Before an injection, patient history and targeted examination are performed, patient’s spinal imaging if available is reviewed, risks and benefits of the procedure discussed, and signed consent is obtained.  

 

The patient is then taken to our fluoroscopy (x-ray) suite and will lie flat on an x-ray table.  Pillows will be used to position the spine for comfort as well as to provide optimal positioning for performing the procedure.  The skin overlying the injection sites are prepped (cleaned) in a sterile fashion and then sterile drapes are placed around the prepped area.

 

The skin is then numbed with a local anesthetic.  Under x-ray guidance a needle is inserted.  The needle is advanced under x-ray guidance to the targeted area.  X-rays pictures from different angles are used to ensure pin-point accuracy of the needle tip.  After the needle is placed properly, a small amount of contrast is injected to ensure that the medication will go to the targeted area accurately as well as to ensure patient safety.  When optimal contrast flow is obtained, the medication is injected.  Additional needles are placed in similar fashion depending on how many sites are being targeted.

 

The procedure including preparation time on average requires 20-30 minutes.  Afterwards, small Band-Aids are placed over the injection sites, post-procedure instructions are given, and then the patient is monitored for 5-10 minutes before going home

 

What is expected after the injection?

Typically the injection site will be numb for 1-2 hours.  After that, the injection site is usually sore.  Intermittent application of an ice pack to area is recommended if the area is sore.  A temporary mild increase in a patient’s symptoms may occur until the effect of the corticosteroid takes place (usually within 2-3 days).  The corticosteroid will reduce the inflammation causing the patient’s pain.  For medial branch blocks with local anesthetic alone, pain relief beyond the duration of the local anesthetic may occur due to disruption of the “pain cycle.”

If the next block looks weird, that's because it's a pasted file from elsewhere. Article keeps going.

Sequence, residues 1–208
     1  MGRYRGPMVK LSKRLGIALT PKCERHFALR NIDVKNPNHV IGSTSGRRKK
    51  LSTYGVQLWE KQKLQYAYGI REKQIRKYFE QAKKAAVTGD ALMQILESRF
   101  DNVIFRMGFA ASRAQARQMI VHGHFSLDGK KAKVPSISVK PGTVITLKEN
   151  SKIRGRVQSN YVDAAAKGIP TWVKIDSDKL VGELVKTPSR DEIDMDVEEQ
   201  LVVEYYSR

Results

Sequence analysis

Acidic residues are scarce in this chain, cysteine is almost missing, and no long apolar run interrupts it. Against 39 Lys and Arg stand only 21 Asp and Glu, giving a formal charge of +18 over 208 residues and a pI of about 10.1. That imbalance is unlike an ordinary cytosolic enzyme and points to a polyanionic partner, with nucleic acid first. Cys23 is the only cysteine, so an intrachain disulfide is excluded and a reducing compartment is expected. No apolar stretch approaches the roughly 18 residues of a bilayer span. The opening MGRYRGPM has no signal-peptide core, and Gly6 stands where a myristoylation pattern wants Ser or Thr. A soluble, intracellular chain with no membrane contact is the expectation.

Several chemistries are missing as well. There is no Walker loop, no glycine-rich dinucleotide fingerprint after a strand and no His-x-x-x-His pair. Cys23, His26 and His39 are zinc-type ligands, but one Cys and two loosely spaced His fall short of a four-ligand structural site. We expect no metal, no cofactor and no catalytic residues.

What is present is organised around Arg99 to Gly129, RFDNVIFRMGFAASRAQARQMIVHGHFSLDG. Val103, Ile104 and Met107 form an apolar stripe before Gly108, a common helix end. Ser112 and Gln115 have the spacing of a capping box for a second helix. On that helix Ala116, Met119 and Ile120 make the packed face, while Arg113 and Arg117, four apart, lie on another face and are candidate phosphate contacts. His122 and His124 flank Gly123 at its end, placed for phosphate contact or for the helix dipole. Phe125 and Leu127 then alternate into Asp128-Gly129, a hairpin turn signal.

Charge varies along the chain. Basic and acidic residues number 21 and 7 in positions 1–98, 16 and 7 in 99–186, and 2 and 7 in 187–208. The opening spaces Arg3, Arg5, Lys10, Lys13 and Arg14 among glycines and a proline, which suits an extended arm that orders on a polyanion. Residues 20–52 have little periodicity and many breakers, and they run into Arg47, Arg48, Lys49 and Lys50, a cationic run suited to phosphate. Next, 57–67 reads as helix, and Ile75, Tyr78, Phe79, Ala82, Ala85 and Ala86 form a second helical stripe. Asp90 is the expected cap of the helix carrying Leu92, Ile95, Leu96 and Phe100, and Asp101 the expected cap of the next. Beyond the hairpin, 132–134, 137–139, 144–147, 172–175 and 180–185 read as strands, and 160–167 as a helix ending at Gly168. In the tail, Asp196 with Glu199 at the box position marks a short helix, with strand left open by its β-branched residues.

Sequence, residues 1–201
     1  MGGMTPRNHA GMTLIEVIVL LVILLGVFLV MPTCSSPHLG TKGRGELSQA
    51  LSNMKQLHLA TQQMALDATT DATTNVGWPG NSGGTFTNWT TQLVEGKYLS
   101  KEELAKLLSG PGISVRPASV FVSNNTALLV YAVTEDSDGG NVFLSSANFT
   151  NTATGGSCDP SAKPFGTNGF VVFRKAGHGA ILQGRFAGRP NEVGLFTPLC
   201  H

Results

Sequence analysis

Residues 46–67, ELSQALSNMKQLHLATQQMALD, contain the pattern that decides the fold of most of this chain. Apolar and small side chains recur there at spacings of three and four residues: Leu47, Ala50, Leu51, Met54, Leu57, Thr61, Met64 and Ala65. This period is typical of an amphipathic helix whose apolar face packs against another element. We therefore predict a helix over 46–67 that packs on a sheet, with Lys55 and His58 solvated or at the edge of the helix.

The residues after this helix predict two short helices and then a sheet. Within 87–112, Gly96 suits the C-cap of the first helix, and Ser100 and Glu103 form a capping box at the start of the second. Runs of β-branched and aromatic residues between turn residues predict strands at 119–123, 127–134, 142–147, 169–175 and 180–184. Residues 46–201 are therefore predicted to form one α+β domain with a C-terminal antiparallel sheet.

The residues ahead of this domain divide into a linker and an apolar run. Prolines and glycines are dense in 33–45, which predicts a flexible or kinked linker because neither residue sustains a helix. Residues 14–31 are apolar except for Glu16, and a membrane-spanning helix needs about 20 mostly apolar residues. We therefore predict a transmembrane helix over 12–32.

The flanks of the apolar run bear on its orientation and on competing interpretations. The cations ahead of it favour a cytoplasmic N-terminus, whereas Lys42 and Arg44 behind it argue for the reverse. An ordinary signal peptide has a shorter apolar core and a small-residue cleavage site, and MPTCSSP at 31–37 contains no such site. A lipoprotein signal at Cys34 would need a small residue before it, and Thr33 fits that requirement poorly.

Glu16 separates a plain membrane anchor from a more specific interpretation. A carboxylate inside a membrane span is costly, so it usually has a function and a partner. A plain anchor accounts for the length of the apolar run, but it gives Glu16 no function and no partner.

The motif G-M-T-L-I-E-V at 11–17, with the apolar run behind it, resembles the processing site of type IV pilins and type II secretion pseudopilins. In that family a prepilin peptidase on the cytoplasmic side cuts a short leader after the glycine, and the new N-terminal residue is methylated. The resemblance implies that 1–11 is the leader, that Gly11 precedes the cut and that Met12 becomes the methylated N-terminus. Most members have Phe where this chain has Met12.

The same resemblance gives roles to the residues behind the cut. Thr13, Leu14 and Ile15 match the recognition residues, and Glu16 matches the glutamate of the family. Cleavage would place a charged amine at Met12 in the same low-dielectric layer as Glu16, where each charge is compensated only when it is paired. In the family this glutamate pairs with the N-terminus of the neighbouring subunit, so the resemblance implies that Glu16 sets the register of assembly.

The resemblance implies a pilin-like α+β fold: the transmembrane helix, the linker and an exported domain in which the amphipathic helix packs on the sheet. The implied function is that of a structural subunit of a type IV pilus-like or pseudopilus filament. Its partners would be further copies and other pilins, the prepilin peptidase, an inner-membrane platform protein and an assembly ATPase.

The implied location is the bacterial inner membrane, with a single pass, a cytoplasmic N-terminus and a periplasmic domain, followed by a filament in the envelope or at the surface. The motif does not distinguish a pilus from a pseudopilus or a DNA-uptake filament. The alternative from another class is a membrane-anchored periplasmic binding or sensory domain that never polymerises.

What about additional injections?

At Loudoun Spine and Rehabilitation, we will perform follow-up injections depending on the outcome of prior injections.  Often only one or two injections are required to substantially reduce a patient’s pain symptoms.

 

 

 

 

How long will the injections last?

For an intra-articular injection, although the effect of the corticosteroid is typically only a few weeks, the patient may have pain relief for much longer.  If the inflammation causing the patient’s pain is significantly reduced, the pain may not come back.  

 

For medial branch blocks with local anesthetic alone, pain relief beyond the duration of the local anesthetic may occur due to disruption of the “pain cycle.”

 

If facet joint injections are effective in reducing a patient’s pain, albeit temporarily, a more permanent treatment for facet joint pain called radiofrequency facet joint neurotomy is commonly recommended.  This procedure using heat from radiofrequency energy to disrupt the nerve supply to the facet joints.  Success with this procedure can range from 6 months to 2 years.

Facet Joint Injections